# William Lane Craig’s Logic Lesson – Part 3

I had planned to discuss counterexamples (to Craig’s principle) that were based on dependencies existing between the premises in some valid deductive arguments. But I am putting that off for a later post, in order to present a brief analysis of some key concepts.

It seems to me that an important part of understanding the relationship between valid deductive arguments and probability is keeping in mind the distincition between *necessary conditions* and *sufficient conditions*. So, I’m going to do a brief analysis of this relationship.

**SUFFICIENT CONDITIONS ESTABLISH A MINIMUM PROBABILITY**

**1. IF P, THEN Q.**

Claim (1) asserts that P is a SUFFICIENT CONDITION for Q.

Assuming that (1) is true, the probability of P establishes a MINIMUM probability for Q.

If the probability of P was .60, then assuming that (1) is true, the minimum probability for Q would also be .60, because whenever P is true, so is Q.

However, (1) is compatible with Q being true even if P is false. There could be some OTHER reason for Q being true:

**2. IF R, THEN Q.**

If (2) is also true, and if R has some chance of being true even when P is false, then the probability of Q would be GREATER THAN the probability of P. In this scenario the probability of Q would be GREATER THAN .60.

Suppose that the truth of R is independent of the truth of P. Suppose that the probability of R is .80. We can divide this scenario into two cases:

**Case I. P is true.**

**Case II. It is not the case that P is true.**

There is a probability of .60 that case I applies, and if it does apply, then Q is true. This gives us a minimum baseline probability of .60 for Q.

But we must add to this probability any additional probability for Q being true from case II.

There is a probability of .40 that case two applies, and if it does apply then there is a .80 probability that R is true (since the probability of R is not impacted by the truth or falsehood of P). Since R implies Q, there is (in this second case) a probability of at least .80 that Q is true. So, we multiply the probability that case II applies times the probability of Q given that case II applies to get the (minimal) additional probability: .40 x .80 = .32.

To get the overall minimal probability of Q, we add the probability of Q from case I to the (minimal) probability of Q from case II: .60 + .32 = .92 or about .9.

NOTE: The actual probability of Q might be higher than .92, if there is some chance that Q was true even if both P and R were false.

**NECESSARY CONDITIONS ESTABLISH A MAXIMUM PROBABILITY**

**3. IF Q, THEN P.**

Claim (3) asserts that P is a NECESSARY CONDITION for Q.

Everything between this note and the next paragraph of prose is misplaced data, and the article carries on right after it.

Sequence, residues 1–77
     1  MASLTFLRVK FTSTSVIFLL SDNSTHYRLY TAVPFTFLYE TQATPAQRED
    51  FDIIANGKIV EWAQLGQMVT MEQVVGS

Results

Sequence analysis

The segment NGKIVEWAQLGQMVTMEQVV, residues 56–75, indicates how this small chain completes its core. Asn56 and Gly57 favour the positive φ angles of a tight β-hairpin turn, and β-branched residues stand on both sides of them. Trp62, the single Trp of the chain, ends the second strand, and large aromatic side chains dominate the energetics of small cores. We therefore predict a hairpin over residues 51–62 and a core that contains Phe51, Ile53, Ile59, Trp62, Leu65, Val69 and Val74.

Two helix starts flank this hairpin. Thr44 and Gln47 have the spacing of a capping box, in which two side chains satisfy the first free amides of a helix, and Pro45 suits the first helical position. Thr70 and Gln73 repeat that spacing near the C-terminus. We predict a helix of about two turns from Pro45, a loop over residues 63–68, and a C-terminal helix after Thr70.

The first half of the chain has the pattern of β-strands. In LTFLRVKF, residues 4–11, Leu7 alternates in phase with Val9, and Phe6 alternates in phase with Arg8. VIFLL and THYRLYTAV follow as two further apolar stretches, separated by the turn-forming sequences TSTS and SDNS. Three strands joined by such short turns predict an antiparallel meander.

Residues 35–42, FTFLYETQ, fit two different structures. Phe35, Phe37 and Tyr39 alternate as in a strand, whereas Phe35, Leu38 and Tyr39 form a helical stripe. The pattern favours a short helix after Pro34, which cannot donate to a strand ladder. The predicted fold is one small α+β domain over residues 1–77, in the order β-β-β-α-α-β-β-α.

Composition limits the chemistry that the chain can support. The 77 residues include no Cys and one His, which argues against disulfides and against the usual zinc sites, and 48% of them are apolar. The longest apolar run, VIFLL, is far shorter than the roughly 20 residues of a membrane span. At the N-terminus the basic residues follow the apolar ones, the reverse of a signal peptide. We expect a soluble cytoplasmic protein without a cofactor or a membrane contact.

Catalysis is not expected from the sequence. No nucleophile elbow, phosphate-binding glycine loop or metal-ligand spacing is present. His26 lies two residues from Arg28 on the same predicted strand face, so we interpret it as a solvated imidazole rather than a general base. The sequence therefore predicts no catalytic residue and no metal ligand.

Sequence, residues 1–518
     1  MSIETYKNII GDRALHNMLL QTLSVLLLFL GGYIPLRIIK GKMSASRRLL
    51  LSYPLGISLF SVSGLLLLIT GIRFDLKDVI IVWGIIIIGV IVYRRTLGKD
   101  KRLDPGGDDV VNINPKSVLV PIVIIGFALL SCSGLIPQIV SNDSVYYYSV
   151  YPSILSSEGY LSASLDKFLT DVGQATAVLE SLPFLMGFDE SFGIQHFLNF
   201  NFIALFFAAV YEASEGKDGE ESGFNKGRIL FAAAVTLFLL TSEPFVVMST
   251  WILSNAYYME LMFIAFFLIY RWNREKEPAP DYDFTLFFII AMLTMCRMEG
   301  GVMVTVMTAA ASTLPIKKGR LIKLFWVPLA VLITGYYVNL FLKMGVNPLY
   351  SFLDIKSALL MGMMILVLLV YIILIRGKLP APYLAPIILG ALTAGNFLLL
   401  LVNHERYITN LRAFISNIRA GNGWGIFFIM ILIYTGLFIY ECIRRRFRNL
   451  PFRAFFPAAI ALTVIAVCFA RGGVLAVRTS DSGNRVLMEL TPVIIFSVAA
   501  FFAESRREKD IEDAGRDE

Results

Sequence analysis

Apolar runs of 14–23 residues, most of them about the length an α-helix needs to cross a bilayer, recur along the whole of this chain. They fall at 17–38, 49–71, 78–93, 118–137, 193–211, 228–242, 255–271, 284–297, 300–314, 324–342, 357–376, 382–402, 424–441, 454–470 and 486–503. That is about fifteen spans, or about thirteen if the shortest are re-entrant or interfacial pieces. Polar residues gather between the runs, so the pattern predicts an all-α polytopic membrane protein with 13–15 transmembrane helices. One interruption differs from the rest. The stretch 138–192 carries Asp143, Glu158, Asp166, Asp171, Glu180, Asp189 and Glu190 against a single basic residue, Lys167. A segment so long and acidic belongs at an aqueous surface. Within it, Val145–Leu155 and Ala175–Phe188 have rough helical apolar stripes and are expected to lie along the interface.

Assuming that (3) is true, the probability of P establishes a MAXIMUM probability for Q.

If the probability of P is .60, then assuming that (3) is true, the maximum probability of Q would be .60, because whenever P is false, Q must also be false.

However, (3) is compatible with Q being false even when P is true. There could be some OTHER reason why Q is false:

**4. IF Q, THEN S.**

If (4) is also true, and if S has some chance of being false even when P is true, then the probability of Q would be LESS THAN the probability of P. In this scenario, the probability of Q would be LESS THAN .60.

Suppose that the truth of S is independent of the truth of P. Suppose that the probability of S is .20. We can immediatly infer that the maximum probability of Q is .20, because the truth of S is a necessary condition for Q. However, the combination of (3) and (4) reduces the maximum probability of Q even further.

We can divide this scenario into two cases:

**Case I. P is true.**

**Case II. It is not the case that P is true.**

Let’s consider case II first. There is a probability of .40 that case II applies (because there is a probability of .60 that case I applies and the combined probabilities of both cases = 1.0), and if it does apply, then Q would be false (because P is a necessary condition of Q). This establishes a baseline minimum probability of .40 for the *falsehood* of Q.

But we must add to this probability any additional probability for Q being false from case I.

There is a probability of .60 that case I applies, and if it does apply, then there is a .20 probability that S is true (because the probability of S is not impacted by the truth or falsehood of P), thus if case I applies, then there is a probability of .80 that S is false, and thus a minimum probability of .80 that Q is false (because S is a necessary condition of Q). We meed to multiply the probability that case I applies times the (minimal) probability that Q is false given that case I applies: .60 x .80 = .48.

Now we must add the probability of the falsehood of Q from case II with the (minimum) probability of the falsehood of Q from case I to get the overall minimum probablilty of the falsehood of Q: .40 + .48 = .88. The overall minimum probability of the falsehood of Q is .88, and this implies that the overall MAXIMUM probability of Q is .12.

NOTE: The actual probability of Q could be lower than the maximum probability, if there is some chance that Q was false even if both P and S were true.